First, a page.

So when I started with Thrive, I had a business. I had been in business about four years. You know, it was going well. You know, I had great clients. All my business was word of mouth and referral, which was amazing and you know, in theory everything was fine. But for me, I just knew there was something, there were different things that I needed to finesse. I knew there was a different way that I could look after the business and what I was doing. And my hope was that by going on this course, which to be honest, I came across quite, you know, by accident, through networking. And I was so delighted that I did because it has, as I say, I had the idea for the business. I knew that the business was event management. I knew that’s what I was doing. I knew what I had done for my clients, but I really hadn’t finessed exactly what I was doing and how I was doing it and how that was a business. So it was in fact the perfect timing and it did help me shape. It is helping me shape what I’m doing and it gives me support and confidence to go after things I want to do with the business. And that’s what makes 2020 such a big year. It was just perfect timing and remained so, so that, that’s the big thing for me.

So you mentioned there Gemma, the value of networking. So you would have built up contacts and have you added to your team, have you people working with you?

Right. So Freestyle Events is just me. I’m a solopreneur if you want to call that a sole trader. But I do have an extended team that I work with. Other freelancers, other consultants, other micro businesses, small businesses. I call them the freestyle network. They are the group of professionals who know how to do amazing things that are all required around events, in different stages, different times. So like event managers, registration managers, transportation coordinators, virtual assistants. Fantastic. You know, helped me with marketing and other smaller details. And then, you know, there’s also pure teams, the different consultants there digital marketing, websites, branding, anything and everything. An event is many things and sometimes a client requires me to come in with a solution that ticks all these boxes. So that’s the nature of Freestyle Events. That’s the great thing about Freestyle Events.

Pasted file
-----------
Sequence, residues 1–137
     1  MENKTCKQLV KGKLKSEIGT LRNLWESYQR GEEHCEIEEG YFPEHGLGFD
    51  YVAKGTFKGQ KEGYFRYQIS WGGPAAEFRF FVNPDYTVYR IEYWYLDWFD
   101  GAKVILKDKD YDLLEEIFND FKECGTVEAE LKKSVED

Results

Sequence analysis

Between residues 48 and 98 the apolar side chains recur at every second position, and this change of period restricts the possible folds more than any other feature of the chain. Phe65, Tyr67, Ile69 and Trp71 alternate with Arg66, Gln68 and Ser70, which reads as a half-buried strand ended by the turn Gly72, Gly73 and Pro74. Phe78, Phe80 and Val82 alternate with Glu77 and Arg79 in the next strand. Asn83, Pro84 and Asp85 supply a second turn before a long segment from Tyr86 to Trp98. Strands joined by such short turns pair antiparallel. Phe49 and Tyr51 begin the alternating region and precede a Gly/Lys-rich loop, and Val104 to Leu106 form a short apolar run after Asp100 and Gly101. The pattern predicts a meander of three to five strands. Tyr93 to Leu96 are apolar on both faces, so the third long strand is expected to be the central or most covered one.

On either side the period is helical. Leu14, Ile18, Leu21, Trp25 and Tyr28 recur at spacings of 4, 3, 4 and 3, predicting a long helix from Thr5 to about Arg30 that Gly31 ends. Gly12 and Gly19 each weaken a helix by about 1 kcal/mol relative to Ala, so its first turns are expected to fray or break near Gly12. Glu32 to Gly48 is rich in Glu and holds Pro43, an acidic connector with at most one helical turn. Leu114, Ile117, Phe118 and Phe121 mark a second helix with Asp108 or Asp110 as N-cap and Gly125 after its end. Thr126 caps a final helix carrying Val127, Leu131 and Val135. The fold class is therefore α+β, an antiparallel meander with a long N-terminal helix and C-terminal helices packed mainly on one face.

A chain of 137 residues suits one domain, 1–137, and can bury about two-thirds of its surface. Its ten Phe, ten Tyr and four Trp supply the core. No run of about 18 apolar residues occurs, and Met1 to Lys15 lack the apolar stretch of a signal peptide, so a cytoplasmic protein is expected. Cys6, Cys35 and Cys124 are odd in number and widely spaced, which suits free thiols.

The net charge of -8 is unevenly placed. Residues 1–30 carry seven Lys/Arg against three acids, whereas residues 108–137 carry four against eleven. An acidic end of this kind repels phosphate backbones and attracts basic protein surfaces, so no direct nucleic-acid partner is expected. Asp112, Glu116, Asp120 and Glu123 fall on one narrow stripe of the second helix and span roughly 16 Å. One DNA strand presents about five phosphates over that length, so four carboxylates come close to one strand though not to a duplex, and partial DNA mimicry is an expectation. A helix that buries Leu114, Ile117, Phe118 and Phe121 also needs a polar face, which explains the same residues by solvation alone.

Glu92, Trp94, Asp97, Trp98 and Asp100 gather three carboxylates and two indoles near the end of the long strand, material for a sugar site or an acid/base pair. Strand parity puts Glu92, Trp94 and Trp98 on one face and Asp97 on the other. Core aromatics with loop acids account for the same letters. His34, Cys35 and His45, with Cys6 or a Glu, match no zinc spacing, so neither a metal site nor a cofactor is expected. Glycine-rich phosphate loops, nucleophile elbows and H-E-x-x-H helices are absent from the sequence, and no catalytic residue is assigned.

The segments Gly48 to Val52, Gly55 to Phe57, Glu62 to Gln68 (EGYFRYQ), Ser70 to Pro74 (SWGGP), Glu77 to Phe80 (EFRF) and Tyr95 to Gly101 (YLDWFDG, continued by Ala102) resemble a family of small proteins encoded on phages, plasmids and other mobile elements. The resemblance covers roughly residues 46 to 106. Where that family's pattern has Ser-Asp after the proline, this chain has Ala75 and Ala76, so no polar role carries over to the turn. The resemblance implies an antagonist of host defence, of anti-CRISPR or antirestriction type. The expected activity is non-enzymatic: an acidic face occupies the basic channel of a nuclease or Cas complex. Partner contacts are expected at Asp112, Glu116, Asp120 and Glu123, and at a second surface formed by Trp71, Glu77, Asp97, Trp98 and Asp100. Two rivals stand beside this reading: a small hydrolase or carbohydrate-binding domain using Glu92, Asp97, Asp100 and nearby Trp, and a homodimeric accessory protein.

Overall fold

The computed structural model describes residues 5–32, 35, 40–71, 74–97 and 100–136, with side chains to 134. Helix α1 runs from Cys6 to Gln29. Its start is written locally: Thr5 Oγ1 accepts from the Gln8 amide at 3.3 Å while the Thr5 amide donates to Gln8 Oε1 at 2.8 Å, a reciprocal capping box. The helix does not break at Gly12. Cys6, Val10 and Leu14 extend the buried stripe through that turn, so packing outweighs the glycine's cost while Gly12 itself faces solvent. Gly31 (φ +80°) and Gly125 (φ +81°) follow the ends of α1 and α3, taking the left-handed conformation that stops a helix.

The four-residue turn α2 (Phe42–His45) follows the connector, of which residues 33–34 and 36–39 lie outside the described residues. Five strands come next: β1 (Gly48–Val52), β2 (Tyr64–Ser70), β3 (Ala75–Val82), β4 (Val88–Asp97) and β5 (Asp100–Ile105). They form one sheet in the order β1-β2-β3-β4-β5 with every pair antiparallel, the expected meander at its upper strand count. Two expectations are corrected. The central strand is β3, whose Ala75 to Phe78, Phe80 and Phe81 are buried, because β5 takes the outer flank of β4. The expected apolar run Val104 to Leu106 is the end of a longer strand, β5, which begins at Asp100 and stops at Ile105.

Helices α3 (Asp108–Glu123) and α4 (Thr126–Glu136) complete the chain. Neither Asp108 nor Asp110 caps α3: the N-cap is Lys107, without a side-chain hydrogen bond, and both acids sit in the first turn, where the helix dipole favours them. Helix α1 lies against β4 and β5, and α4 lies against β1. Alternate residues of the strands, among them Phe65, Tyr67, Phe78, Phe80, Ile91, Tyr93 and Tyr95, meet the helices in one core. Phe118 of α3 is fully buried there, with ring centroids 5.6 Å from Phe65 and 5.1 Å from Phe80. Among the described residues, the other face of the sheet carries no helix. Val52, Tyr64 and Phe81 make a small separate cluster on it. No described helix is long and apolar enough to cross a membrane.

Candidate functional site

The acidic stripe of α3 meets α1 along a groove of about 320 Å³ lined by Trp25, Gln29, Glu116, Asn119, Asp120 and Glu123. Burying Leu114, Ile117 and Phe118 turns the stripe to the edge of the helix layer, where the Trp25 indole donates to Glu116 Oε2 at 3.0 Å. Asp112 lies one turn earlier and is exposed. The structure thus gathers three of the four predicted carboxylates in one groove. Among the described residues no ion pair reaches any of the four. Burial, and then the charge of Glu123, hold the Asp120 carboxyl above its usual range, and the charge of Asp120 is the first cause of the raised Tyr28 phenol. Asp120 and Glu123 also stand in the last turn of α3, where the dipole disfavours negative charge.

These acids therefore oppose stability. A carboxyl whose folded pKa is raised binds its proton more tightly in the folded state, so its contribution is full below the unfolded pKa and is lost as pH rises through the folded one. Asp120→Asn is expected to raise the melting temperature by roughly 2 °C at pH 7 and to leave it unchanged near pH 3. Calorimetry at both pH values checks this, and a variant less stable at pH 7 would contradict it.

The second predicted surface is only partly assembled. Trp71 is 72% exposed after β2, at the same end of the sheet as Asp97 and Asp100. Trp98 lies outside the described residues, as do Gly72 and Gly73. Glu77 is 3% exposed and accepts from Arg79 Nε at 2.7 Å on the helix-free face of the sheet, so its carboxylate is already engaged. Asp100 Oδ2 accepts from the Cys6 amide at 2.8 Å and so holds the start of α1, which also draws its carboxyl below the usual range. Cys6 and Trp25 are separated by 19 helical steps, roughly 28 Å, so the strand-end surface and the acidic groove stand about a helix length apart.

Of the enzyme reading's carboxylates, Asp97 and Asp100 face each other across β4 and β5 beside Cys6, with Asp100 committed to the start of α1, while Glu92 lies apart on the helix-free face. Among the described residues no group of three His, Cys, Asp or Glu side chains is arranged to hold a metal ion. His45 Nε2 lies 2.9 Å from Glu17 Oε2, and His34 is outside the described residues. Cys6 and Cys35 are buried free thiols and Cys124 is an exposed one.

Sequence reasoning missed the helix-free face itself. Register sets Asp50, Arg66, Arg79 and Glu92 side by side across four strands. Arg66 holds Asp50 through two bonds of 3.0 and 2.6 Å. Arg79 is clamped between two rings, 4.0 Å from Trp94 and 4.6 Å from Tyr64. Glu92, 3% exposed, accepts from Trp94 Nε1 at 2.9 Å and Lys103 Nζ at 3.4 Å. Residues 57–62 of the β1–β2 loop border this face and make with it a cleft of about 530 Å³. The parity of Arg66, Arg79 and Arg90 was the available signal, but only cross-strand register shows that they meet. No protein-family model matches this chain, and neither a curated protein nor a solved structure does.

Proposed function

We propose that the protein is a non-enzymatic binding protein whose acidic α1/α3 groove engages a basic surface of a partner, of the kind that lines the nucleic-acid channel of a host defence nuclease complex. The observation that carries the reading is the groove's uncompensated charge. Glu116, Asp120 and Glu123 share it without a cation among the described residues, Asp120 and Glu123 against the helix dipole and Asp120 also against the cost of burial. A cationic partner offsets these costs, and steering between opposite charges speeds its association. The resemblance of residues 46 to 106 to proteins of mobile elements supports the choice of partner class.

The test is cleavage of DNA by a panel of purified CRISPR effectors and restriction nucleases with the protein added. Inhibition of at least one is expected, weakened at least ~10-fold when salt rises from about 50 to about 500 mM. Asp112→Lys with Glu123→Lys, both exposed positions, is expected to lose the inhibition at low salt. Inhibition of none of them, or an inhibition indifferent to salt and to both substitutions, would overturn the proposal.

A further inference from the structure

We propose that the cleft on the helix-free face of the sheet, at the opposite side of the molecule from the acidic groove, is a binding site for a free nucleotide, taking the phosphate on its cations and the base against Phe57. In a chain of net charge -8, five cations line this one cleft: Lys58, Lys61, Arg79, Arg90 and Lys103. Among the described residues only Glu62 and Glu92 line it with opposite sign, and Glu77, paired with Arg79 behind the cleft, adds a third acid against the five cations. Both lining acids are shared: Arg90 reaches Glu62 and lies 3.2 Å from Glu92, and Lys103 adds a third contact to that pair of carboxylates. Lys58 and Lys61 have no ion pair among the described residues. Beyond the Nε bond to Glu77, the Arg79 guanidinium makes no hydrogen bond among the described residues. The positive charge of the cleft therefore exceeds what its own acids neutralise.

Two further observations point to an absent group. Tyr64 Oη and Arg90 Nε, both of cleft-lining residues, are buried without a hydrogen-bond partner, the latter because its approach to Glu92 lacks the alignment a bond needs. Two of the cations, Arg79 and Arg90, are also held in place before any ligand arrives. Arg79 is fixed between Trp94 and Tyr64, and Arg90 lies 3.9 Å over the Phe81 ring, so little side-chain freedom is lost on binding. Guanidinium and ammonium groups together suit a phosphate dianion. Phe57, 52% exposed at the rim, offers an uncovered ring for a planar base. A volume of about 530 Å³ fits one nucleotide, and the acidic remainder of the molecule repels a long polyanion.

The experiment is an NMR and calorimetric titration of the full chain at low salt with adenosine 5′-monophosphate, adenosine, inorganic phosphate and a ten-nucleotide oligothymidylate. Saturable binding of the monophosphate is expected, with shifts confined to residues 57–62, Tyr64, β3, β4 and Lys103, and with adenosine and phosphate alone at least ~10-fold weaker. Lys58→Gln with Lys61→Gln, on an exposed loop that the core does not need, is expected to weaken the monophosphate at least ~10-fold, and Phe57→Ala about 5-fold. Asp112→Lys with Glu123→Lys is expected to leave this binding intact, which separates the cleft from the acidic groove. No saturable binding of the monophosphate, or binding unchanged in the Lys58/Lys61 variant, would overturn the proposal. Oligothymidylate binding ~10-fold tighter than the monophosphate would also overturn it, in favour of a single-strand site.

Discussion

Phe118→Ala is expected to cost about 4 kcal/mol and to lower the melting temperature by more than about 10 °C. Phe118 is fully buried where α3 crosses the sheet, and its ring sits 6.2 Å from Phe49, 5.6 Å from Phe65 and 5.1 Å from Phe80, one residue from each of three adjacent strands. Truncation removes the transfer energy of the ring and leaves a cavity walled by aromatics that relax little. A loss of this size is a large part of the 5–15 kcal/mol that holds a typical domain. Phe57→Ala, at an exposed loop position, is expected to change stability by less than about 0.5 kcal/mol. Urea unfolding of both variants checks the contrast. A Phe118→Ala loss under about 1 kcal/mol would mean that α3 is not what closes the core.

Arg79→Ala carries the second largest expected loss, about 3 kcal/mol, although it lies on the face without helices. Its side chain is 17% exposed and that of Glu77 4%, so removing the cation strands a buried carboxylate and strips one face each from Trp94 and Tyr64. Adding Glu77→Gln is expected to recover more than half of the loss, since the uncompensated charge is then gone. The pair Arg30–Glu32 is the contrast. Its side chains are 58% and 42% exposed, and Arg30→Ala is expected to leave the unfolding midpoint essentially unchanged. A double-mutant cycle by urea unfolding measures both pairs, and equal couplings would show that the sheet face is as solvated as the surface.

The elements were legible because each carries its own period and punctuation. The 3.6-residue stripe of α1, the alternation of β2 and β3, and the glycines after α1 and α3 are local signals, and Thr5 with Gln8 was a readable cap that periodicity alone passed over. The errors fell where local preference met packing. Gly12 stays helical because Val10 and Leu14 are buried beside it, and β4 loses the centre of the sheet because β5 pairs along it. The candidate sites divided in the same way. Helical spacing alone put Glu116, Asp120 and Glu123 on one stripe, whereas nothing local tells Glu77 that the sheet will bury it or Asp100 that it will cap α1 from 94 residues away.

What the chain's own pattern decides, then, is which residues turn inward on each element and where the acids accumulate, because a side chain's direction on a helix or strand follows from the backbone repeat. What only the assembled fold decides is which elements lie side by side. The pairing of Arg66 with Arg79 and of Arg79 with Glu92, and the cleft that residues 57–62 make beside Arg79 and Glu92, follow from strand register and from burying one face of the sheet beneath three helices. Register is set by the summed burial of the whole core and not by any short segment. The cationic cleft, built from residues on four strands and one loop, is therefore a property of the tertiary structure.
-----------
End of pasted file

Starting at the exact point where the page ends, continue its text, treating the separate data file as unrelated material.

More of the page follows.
It can scale up and scale down depending on what the exact clients’ needs are. So, you know, and in that way it’s incredibly lean. It’s incredibly efficient and it’s a bespoke solution for each client on their brief and on their needs. So that has been amazing. So I suppose, I’ve a network of subcontractors, if you want to call them that. My, I call them the freestyle network and we work together either the planning or the execution of the actual event itself. And that’s my team. They’re the people I love to work with and it’s brilliant because I keep meeting new people. I keep finding out about new insights, new people who do different things and together we have chats and we can create something new and we’re all constantly fresh cause we’re all working on different projects at different times. So it’s amazing what you can do when you’re a group of people who are experiencing different things on a daily basis and then you come together as a team on one particular project. It makes for great results. I absolutely love it.

That’s amazing to hear how the business has grown with you leading it from the front. So I suppose that leads on to asking you what are you most proud of so far? What’s the greatest achievement?

Wow, that’s a big question. I think I’m proud I did it. You know, I think I’m proud I did it. I was employed for nearly 10 years in events before I went and did and started up my own business. I think I’m proud I did it. I’m really, I’m proud of my team, the people I work with and the results and the service we deliver to our clients. Without exception, we give 150% and you know, seeing a project come together that you’ve been working on, that you’ve been, you know, thinking about, talking about, figuring out doing is huge source of satisfaction. So I would say I’m really proud of that track record. There are moments where you could just burst with pride, you know, with certain things that happen when people work together and you see the results seemlessly coming together in an event we see the attendees really, really enjoying, you know, the planning and the design of an event that you have been part of. That’s really cool. It’s really great. It keeps me motivated. So I’m proud of all of that. Because being in business, running events are all challenging things and you know, if, if there was anything to be proud of it, it’s doing your best for the people and being able to run your own business successfully and continue to do so.